Thursday was introverts’ night out when Low headlined a sold-out show at the Bowery Ballroom along with Pedro the Lion, and Aarktica. None of the three bands bothered with much stage action. They were busy contemplating their instruments, the music’s textures and the steadfast desolation of their songs.
Low turned a concept into a sound when it formed in 1993. Its rigorously understated music was akin to the deliberation of Velvet Underground ballads, the purity of Appalachian lullabies and the Americana of John Fahey’s guitar solos. The style was soon labeled slowcore, and for most of the last decade, Low’s songs have been determinedly slow, sparse and calmly desolate. The band can silence a club with the austere concentration of its music: a few guitar chords from Alan Sparhawk; a steady and rudimentary drumbeat from his wife, Mimi Parker (who stands up at a minimal drum kit); and a modest underpinning from Zak Sally on bass. Mr. Sparhawk sings with thoughtful determination; Ms. Parker harmonizes like a sympathetic wraith.
Quiet means little without the possibility of loudness. Every so often, particularly on stage, Low’s songs begin to surge. A patient but unstoppable crescendo builds from within, fills out with reverbed and distorted guitar, then falls away to make its original hush seem even bleaker.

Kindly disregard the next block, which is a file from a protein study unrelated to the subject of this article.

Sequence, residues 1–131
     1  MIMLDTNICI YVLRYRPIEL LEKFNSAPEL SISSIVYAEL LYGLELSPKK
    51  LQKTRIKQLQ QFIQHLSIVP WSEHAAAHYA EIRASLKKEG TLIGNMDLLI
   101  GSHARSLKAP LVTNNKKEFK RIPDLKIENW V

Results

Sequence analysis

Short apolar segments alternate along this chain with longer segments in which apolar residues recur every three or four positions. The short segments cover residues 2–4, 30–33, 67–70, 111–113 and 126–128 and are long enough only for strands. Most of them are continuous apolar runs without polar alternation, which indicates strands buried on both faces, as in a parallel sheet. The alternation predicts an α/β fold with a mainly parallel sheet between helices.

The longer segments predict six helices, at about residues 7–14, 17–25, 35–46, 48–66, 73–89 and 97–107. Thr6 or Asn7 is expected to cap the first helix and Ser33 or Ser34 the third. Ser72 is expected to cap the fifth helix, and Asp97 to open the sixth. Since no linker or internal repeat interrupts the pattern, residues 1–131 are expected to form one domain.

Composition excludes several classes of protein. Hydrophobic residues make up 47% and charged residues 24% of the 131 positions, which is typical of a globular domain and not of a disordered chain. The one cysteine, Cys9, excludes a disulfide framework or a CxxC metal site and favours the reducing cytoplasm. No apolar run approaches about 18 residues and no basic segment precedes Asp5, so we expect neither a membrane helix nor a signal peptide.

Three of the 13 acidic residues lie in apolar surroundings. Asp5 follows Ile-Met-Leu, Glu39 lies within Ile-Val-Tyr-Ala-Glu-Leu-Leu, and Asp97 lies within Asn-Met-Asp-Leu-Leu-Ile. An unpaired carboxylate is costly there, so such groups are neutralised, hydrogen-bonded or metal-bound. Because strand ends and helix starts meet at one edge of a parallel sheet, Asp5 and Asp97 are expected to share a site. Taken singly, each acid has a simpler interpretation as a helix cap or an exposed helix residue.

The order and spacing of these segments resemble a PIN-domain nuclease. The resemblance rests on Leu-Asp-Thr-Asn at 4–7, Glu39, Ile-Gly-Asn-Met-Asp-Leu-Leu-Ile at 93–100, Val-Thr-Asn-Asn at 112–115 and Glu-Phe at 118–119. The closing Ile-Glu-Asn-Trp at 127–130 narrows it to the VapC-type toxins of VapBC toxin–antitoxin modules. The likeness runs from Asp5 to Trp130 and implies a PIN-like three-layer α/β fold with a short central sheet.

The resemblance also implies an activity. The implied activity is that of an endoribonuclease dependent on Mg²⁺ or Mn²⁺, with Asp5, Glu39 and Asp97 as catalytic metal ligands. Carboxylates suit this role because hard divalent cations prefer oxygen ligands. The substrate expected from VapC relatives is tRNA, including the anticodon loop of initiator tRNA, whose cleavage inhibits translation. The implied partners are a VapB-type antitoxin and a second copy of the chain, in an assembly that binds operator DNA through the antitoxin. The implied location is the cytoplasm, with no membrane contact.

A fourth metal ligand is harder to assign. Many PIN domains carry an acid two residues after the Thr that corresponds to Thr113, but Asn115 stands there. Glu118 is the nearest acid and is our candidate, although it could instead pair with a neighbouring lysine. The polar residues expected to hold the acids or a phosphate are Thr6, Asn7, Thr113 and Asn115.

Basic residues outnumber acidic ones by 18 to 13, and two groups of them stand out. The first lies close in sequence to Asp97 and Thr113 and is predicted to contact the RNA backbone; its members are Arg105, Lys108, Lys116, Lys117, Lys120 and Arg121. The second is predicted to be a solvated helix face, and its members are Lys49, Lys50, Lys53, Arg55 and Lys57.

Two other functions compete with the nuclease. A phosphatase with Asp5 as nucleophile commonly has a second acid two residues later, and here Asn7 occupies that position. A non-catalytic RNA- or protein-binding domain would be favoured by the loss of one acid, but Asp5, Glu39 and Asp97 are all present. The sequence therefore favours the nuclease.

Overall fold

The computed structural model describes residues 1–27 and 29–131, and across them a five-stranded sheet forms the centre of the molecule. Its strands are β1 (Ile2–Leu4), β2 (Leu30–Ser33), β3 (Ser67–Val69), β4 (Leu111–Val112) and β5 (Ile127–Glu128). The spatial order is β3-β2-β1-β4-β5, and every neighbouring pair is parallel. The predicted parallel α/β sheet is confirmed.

Slowcore isn’t so slow anymore. Low’s new album, "The Great Destroyer" (Sub Pop), includes some midtempo songs and thickens the arrangements. On stage the new songs didn’t break the mood. Low extended them and pared them down to basics, not rocking out but rocking inward.
Pedro the Lion’s despair arrived in more upbeat form: consistently melodic, precisely constructed songs laced with the instrumental counterpoints of new wave rock. But David Bazan’s droopy, long-suffering voice doesn’t conceal what his lyrics describe: a culture suffused by greed and relationships that hinge on power and betrayal. In one of the set’s most buoyant tunes, "Transcontinental," the narrator is bleeding to death after a gruesome accident. There’s no ironic smirk in the songs, though; somehow, they end up endearing, paradoxes and all.
Aarktica, which opened the show, was more meditative, erecting dense noise superstructures around serene loops of guitar. There were hints of South Asian music with the drone of a harmonium and vocal lines suggesting the modes of ragas or qawwali. These were urban, not pastoral meditations; one song, with a rhythm defined by bursts of static, was dedicated to the man who designed the lights of Times Square, as Jon DeRosa sang, "city planning is anatomy/ in your blood electricity."